The case, Aviva v Sudjak & others, led to an award of £74k in damages, including £50k exemplary damages, with savings for Aviva totalling more than £300,000 and costs to be decided.
In delivering his verdict at a damages assessment hearing, the judge commented: “If the fraud had not been uncovered; if Aviva had not investigated with the vigour that they did—the fraud may well have succeeded. Aviva would then have been facing some 40 claims for whiplash and associated damages and costs, conservatively valued at over £250,000.”
The staged incident occurred when a Skoda being driven by an accomplice overtook a bus containing the claimants, before pulling out at a junction causing a minor collision.
Several claimants were caught on CCTV theatrically throwing themselves around even though the impact was at a minor speed.
A massive 40 claims were initiated for soft tissue injuries, all brought by claimants under the age of 45. This was a huge miscalculation on the part of the fraudsters, according to Keoghs, as CCTV showed many elderly people on the bus at the time of the collision, none of whom moved on impact.
Keoghs and Aviva uncovered links between various claimants and also the driver of the Skoda, which formed the foundation of their defence.
Facebook searches revealed a previous suspicious accident involving the same vehicle and its driver, which also provided links back to the bus claimants via mutual friends.
Six of the claimants repeated their fraudulent misrepresentations to medico-legal experts and there were incriminating inconsistencies with the injuries claimed.
The driver of the Skoda gave no creditable reason for his actions, which included waiting for the bus in a side street before overtaking it, and then performing a U-turn to get in position for the crash. The driver was also unable to identify the passenger in his car beyond their first name.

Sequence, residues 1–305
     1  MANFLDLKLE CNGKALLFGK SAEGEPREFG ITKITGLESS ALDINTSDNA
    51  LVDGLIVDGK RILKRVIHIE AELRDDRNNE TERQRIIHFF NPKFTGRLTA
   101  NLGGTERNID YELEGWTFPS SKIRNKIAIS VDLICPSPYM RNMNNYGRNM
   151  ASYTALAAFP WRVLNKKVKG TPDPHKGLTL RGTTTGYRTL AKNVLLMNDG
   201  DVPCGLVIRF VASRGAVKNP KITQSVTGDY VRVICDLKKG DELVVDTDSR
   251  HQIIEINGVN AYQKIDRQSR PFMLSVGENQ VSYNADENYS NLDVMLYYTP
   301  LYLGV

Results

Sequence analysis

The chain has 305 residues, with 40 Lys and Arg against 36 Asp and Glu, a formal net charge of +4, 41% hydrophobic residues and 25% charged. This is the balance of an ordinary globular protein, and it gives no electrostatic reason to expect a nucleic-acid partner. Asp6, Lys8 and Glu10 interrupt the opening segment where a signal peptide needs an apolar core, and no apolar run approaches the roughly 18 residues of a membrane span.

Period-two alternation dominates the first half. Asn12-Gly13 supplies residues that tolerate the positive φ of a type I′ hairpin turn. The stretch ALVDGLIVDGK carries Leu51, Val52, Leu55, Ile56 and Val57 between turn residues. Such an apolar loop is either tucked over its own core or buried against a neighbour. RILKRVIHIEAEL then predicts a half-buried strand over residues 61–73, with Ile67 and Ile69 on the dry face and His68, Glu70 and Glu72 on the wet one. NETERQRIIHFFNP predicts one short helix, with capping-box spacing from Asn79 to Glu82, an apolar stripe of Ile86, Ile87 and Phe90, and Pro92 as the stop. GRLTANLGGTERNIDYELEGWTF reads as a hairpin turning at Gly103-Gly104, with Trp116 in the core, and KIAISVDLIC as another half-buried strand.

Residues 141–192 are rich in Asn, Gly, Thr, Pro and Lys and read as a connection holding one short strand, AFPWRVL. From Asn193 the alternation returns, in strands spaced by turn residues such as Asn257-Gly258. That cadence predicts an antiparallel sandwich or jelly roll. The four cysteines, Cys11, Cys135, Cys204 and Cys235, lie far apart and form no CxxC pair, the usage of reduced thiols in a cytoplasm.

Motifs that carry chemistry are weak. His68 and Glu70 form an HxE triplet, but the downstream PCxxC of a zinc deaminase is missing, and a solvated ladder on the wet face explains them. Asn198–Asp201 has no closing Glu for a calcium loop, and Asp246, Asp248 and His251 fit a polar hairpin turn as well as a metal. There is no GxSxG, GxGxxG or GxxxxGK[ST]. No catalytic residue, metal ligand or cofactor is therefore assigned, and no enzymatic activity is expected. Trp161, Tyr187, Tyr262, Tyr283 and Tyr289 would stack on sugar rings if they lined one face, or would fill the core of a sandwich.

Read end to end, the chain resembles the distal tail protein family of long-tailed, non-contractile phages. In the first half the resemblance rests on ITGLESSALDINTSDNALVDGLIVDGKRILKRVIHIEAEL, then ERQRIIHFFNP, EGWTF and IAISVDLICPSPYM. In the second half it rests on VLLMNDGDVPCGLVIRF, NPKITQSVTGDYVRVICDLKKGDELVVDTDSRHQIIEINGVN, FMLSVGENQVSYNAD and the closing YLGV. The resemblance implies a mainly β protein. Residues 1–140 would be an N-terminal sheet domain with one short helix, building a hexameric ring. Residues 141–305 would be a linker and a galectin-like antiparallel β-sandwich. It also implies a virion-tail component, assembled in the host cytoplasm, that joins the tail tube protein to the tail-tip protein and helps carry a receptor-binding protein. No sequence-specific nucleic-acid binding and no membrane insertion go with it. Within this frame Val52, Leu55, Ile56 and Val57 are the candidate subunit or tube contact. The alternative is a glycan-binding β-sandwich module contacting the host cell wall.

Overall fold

Armed with significant evidence, Aviva and Keoghs applied to bring a Part 20 claim in the torts of deceit and unlawful conspiracy against six litigated claimants, the driver of the Skoda and three other linked individuals—they also had a number of further claims waiting in the wings.
At this point in the case, solicitors for the six litigated claimants had come off record, leaving them as litigants in person. There was no compliance with any directions, prompting Keoghs to apply to strike out the six claims while simultaneously seeking judgment on the torts of deceit and unlawful conspiracy against 10 of the claimants.
The claims were struck out and judgment was entered against the 10 claimants (who legally then became defendants), with a damages assessment hearing set to follow.
At the damages assessment hearing, the judge commented: “Suffice to say that it seems to me that this was a fraud by which it was intended by the defendants and other individuals to make a significant profit from staging a road traffic accident…
“Cases of fraud such as this are the very cases in which such exemplary damages will be called for; otherwise the amount of damages awarded would not come near to a reasonable estimate of the potential profits of the fraud.”
An award was made totalling £74k in damages, which included a £50k exemplary damages against the fraudsters, plus costs to be decided. Savings for Aviva totalled more than £300,000.
The case was handled throughout by Keoghs associate Katie Lomax, with head of advocacy Mark Stanger dealing with court work and representing Aviva at the damages assessment hearing.
Lomax commented: “This was a case where a number of individuals conspired together in order to gain financially. Had the fraud gone undetected, a substantial amount of damages would have been paid out by Aviva and this behaviour is not victimless.
“The joint approach between Keoghs and Aviva in issuing claims in deceit against the fraudsters, followed by a significant exemplary damages award, will hopefully provide a lesson to them and deter any future fraudsters.”
Carl Mather, manager of the Aviva special investigation unit, said: “Aviva values our customers, and we are acutely conscious of the economic difficulties faced by many people at this time. We will therefore not rest in our ongoing commitment to mitigate the impact of fraud on policy premiums.”
Mather continued: “The business continues to invest in counter fraud capability and this judgment is evidence that Aviva will employ the most effective tools in the box to disrupt and deter fraudsters.
“Close collaboration between Aviva and Keoghs underpinned the presentation of a case which was accepted by the judge as a conspiracy to defraud. Those who sought to benefit from their deceit now face an award of £74k against them and Aviva has safeguarded honest customers from the repercussions of a significant fraud loss.”
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